Justin Simpson: The Quest for Autonomous Homes

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Some people find their true calling later in life and after much soul searching. But Justin Simpson, owner of Natural Building and Design, became interested in sustainable practices at a very young age.

“I remember buying a used book on passive solar design in Boulder, Colorado, as a middle schooler,” he said. “I was inspired by it.”

And that has been his passion ever since. Today Simpson is a rammed earth contractor specializing in sustainable housing. His vision is to create affordable, quality homes for families in our community.

A contractor’s journey

Simpson moved to Taos when he was 17 years old.

“I was still very interested in passive solar design, so I checked out every book I could from the library on solar technology,” he said.

There is an old proverb: “When the student is ready, the teacher will appear.” That was the case with Simpson, who found the best mentor he could have hoped for.

“Soon after we moved here, my mom miraculously met and married Mike Reynolds, Earthship inventor and architect,” he said. “He offered me a job and I worked as a foreman on my first build at 18 years of age – for the president of Peoples Bank.”

After such auspicious beginnings, Simpson continued learning and embarked on a journey that eventually took him to design houses “totally made from earthen materials.”

“I traveled a lot and began to develop my own philosophy and designs for sustainable housing,” he said. “I became a licensed contractor and now I run my own business, Natural Building and Design.”

Building philosophy: Back to the earth

Rammed earth (pise de terre) is an ancient and almost universal technique used in many regions of the world, from the Great Wall of China to the Alhambra in Spain. It consists of a mix of sand, gravel, clay and water, commonly stabilized with cement. Rammed earth buildings that date back to the seventh century B.C. have been found in Asia, Australia and North Africa.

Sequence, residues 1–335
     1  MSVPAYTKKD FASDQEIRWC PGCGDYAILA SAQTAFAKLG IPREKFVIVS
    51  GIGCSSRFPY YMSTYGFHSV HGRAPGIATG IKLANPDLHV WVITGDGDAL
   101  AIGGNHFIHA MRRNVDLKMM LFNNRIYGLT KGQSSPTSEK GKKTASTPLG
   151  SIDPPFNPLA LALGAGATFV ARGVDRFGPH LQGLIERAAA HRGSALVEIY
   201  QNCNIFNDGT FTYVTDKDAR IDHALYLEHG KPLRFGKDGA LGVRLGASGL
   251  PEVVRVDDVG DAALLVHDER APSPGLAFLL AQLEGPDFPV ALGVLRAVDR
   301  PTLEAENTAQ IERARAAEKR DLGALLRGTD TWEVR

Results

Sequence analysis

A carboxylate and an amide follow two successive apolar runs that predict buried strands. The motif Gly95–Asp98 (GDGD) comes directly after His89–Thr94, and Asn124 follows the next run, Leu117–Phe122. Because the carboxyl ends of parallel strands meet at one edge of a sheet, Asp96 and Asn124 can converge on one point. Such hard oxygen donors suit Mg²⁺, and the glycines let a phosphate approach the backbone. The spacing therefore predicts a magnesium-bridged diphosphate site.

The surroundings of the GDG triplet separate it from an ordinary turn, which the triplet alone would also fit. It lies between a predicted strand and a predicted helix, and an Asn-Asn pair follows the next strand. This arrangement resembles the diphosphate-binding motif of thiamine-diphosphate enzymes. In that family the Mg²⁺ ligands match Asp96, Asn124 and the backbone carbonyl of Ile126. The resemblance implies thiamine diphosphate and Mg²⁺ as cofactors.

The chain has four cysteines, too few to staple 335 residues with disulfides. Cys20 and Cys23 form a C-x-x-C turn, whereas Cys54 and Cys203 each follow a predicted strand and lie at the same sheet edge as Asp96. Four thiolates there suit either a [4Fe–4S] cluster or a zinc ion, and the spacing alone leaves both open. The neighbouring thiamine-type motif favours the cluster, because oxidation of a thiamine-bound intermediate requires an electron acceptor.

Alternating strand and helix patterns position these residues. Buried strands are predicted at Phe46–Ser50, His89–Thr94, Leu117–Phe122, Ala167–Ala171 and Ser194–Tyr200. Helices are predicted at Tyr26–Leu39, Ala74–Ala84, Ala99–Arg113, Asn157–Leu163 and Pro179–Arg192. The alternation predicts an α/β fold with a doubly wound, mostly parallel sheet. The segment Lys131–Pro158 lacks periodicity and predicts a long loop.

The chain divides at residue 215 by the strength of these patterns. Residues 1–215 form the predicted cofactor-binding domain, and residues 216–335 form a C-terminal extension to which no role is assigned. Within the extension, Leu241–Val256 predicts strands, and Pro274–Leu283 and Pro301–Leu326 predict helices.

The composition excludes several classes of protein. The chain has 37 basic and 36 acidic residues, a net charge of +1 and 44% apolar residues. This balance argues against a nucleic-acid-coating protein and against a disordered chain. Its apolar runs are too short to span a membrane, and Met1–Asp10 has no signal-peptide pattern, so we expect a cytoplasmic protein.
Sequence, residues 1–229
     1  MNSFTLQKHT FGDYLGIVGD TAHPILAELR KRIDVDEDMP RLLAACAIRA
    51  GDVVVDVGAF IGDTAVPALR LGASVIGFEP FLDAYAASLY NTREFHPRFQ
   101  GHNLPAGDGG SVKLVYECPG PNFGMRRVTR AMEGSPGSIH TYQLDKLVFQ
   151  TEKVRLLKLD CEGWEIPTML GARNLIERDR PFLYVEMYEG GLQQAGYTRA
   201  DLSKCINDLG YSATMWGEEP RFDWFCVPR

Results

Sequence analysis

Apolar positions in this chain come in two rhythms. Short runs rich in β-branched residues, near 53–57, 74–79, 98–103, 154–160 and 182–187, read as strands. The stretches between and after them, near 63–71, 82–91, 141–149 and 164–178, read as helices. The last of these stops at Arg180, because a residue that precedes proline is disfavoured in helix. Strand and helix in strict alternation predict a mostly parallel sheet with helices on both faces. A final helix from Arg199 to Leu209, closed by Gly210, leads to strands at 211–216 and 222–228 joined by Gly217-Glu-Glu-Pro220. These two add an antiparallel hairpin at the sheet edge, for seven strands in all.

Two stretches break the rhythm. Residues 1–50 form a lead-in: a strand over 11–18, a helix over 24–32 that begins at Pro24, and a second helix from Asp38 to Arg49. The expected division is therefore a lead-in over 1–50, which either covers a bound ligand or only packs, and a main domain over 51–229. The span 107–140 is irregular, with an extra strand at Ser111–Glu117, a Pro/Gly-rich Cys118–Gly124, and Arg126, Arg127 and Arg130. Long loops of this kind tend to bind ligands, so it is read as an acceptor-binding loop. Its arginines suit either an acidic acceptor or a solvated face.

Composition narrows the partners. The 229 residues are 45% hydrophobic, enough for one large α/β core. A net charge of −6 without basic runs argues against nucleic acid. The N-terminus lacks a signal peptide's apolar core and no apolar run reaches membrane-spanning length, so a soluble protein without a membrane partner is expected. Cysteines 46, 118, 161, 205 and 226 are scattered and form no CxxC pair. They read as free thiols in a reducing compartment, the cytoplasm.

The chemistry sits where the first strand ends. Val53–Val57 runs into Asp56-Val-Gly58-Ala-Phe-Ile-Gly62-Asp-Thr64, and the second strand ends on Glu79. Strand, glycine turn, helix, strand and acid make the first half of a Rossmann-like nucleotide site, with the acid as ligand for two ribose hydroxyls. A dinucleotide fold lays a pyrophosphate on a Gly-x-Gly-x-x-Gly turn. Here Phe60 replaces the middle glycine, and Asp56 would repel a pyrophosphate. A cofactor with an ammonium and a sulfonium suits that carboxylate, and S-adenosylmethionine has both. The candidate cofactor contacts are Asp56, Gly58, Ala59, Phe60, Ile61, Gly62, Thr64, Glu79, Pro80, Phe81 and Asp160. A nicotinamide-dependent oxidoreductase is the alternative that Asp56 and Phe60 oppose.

Simpson has chosen this time-proven technique to create homes that heat and cool themselves.

“I’ve always been interested in building with earth because it’s sustainable, affordable, healthy and provides optimal thermal mass for passive solar designs,” he said. “After building with adobe and rammed earth tire walls for many years, I wanted to try something new so, I designed and built a monolithic rammed earth home for my family.”

Though some people might think that rammed earth houses are dusty, dirty or primitive, Simpson disputes these claims.

“They can be super modern, clean and high performance,” he said. “Among other benefits, rammed earth houses offer great sound insulation and an aesthetically pleasing look. Rammed earth walls are healthy and can be left exposed or finished in a variety of ways to the owner’s taste.”

Labor and costs

Simpson admits that all houses are labor intensive to build. Sustainable homes are no exception.

“I thought that using heavy equipment would make the job easier, but rammed earth walls are made of rammed earth … and someone has to do the ramming!” he said. “It’s hard work, but the final result is worth the effort.”

He uses a compacted rubble foundation with a steel-reinforced concrete-grade beam on top to save on overall concrete costs. His basic high-performance model is $150/$175 per square foot.

“Using rammed earth is a cost-effective way to produce a quality structure that will last for generations,” he said. “I have perfected a mix and put it through all required testing, and the end result meets and exceeds building requirements.”

Inspired by the Earthships

Simpson’s ultimate goal is to create “autonomous” homes — homes that take care of their owners and allow them to live in a healthy and socially responsible structure.

“I like to use high-efficiency LED lighting and electric appliances with no propane or natural gas so that the home’s electrical usage can be canceled out by renewable energy systems like solar and wind,” he said.

Though he has his own building method now, he has also adopted some systems from his Earthship experience, like water catchment and gray water reuse for gardening.

“I anticipate integrating large-scale renewal energy systems for vehicle charging integrated in my home designs,” he said. “Building homes that don’t rely heavily on existing utilities is a safe, responsible solution to conventional housing. Besides, low-tech features are less costly and more reliable in the long run.”

His most recent project is his prototype for a rammed earth sustainable home.

“This has been the most challenging and rewarding build because it incorporates everything I have learned from building Earthships as well as conventional construction practices,” he said.

Mixing both techniques came naturally to Simpson. For him, it’s not an issue of Earthships vs. rammed earth homes.

“It’s about recognizing that the alternative off-grid Earthship lifestyle isn’t for everyone, but that society as a whole is in great need of sustainable housing,” he said. “My homes offer people the chance to move in a positive direction and to live in harmony with our environment.”

Looking to the future, he sees natural building making a huge comeback in New Mexico.

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